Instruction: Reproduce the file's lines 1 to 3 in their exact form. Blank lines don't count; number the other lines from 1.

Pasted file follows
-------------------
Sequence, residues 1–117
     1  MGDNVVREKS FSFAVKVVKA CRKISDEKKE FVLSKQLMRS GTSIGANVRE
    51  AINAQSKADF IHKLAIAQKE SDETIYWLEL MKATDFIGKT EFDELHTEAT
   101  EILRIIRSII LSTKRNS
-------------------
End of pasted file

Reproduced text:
Sequence, residues 1–117
     1  MGDNVVREKS FSFAVKVVKA CRKISDEKKE FVLSKQLMRS GTSIGANVRE
    51  AINAQSKADF IHKLAIAQKE SDETIYWLEL MKATDFIGKT EFDELHTEAT